When my husband and I left our hometown about 5 years ago to move to the Red Stick, we gleefully waved goodbye, looked at each other with naive excitement in our eyes, and boldly said “We will never live in that city again. Thank God.” We were without kids at that point, and ready to face the world alone.
The whole situation was totally awesome- until about a year later when we had our kiddo- and now I totally understand why people never move away from their hometown.
If you have family that lives close enough to help out with carpool or when your kid is sick or give you a date night every now and then- please, do not take this for granted. Four years into parenthood I’m at a point where I would almost literally give my left arm to have some help in my own backyard. When the kiddo is sick, it’s just us. When school lets out early or is on a holiday break or closes for an “administrative day,” it’s just us. When our kiddo has an event or a ceremony he’s in, it’s just us there to cheer him on. In the moments that we celebrate a birthday or accomplishment, it’s still just us.
One Thanksgiving when all hell was breaking loose and we couldn’t make it home at the very last minute, it was just us. That year we had stuffing from a box—it was tragic. Apart from the awesome visits we have with family every now and then on a weekend, it’s 24 hours a day, 7 days a week, just us.
I don’t say all this to sound whiny because this is the life we chose for ourselves and most days we are pretty good at doing “just us,” but I hope that if you have extra hands around that want to help you and want to love on your kiddo, that you are able to recognize all the small ways it makes your life a little easier and enriches your child’s life.
Yes, family can be annoying. Maybe they constantly give you unsolicited parenting advice, maybe they feed your kid 12 cookies for a “snack,” maybe they have an obnoxious habit that you just can’t even deal with. Despite all of this- if they love your kiddo well and they are able to pitch in even in small ways on this very difficult child-raising gig we have, then try to cut them some slack and recognize what a blessing it is to have people to help out in the day to day grind.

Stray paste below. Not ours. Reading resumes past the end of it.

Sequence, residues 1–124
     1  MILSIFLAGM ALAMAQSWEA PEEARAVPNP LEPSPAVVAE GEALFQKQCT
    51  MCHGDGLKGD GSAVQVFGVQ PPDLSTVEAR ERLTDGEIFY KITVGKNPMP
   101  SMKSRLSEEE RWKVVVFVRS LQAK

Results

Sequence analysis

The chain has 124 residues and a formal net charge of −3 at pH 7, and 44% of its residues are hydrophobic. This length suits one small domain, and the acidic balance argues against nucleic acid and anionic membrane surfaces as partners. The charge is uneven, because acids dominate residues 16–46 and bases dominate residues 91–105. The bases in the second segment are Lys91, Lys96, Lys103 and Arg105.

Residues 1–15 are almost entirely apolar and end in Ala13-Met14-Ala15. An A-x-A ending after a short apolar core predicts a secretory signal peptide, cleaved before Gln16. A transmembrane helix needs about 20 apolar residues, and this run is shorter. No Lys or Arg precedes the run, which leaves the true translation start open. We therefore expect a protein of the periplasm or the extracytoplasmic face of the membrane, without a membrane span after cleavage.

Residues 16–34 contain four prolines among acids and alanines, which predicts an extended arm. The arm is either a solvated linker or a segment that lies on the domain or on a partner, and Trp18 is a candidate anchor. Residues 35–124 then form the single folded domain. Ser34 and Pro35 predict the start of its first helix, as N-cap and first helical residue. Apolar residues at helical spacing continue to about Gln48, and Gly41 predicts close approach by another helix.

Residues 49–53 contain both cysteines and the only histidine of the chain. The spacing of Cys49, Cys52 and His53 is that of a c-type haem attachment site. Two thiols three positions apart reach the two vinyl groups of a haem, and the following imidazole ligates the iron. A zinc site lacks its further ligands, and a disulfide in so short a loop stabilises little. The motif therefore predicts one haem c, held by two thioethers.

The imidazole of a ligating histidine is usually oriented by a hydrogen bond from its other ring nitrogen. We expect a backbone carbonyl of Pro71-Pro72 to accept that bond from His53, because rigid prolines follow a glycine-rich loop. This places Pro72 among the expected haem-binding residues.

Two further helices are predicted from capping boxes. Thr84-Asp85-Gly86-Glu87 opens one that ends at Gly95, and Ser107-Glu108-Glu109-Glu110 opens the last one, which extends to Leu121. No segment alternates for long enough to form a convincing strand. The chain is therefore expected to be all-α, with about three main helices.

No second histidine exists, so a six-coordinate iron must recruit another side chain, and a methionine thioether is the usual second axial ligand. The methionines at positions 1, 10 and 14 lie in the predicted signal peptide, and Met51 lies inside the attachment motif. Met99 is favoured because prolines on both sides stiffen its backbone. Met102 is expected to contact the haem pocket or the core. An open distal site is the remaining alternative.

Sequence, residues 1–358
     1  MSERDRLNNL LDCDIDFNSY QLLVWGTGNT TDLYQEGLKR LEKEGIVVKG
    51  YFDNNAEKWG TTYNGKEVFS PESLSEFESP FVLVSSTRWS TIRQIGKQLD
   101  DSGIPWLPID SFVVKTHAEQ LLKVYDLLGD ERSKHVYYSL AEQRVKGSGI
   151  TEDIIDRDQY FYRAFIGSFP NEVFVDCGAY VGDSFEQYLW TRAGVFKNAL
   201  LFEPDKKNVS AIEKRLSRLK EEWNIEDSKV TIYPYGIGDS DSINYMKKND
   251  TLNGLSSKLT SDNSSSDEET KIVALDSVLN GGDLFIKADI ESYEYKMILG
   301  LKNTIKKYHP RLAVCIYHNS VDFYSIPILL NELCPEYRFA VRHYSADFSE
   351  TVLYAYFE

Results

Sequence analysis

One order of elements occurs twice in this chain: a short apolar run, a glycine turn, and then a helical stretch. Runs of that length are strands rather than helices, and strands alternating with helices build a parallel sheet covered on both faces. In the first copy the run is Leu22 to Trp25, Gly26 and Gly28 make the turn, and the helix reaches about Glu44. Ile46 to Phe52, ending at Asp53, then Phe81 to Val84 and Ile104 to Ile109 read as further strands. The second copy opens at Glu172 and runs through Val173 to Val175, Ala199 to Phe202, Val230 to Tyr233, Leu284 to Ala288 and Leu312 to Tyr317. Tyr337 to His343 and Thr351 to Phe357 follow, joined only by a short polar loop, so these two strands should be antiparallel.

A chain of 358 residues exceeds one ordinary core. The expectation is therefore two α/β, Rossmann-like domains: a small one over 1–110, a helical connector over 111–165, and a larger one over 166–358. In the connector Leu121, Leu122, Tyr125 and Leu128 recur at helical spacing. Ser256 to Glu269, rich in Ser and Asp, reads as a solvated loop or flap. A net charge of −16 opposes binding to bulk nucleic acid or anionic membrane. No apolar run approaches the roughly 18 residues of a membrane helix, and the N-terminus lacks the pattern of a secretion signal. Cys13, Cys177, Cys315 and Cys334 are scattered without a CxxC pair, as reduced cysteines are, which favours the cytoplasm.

Appreciate your people, tell them how much they mean to you, and enjoy that date night that doesn’t include paying a babysitter.
We have always lived away from family (until recently when my younger brother moved in ‘to get back on his feet’, but he’s full on single-hipster status and only helpful in short bursts). I’m thankful that my parents are only 1.5 hours away, so we see them fairly regularly and they can come for a weekend occassionally. I am most appreciative for the family that we’ve built here in BR which is mainly comprised of “church friends”. Seriously, I don’t know that I could have survived without these moms who have helped on ‘in service days’ and sick days and moving days and I’m-just-plum-exhausted days.
Yes! The family we’ve created here is fabulous. I have a hard time asking for help, but having a group of friends that are supportive and helpful is so great! Love the comment of just-plum-exhausted days-so true!
I feel your pain! We are 9 hours from family and it’s so hard! But I will say it has made our marriage stronger since its “just us”. Hang in their mama, there are lots of us strong, doing it alone families!
Thanks for those sweet words Traci! We often say that the best thing we could have done for our marriage was to move away from family. It forced us to only rely on each other and build this really beautiful partnership.
This was such a good and honest read. We are 13 hours away from one family and 15 hours away from the other, and we have been for 13 years. It breaks my heart that our families are not able to witness all of the activities and accomplishments of our girls. I love my Baton Rouge “family”, but I miss having our family close.
Even with the best of friends, it’s just not the same. At least it hasn’t been for us. Sending you lots of love!
Try doing this as a single mother. You have help if you have a spouse or another parent. That is something to not take for granted, too.
According to me, the extended family is important because apart from grandparents the study indicates that extended family members such as uncles and aunts are too important in a family. They can guide us at difficult times and also teach good manner to all young ones. Family members can be your first source when you need assistance at difficult times.
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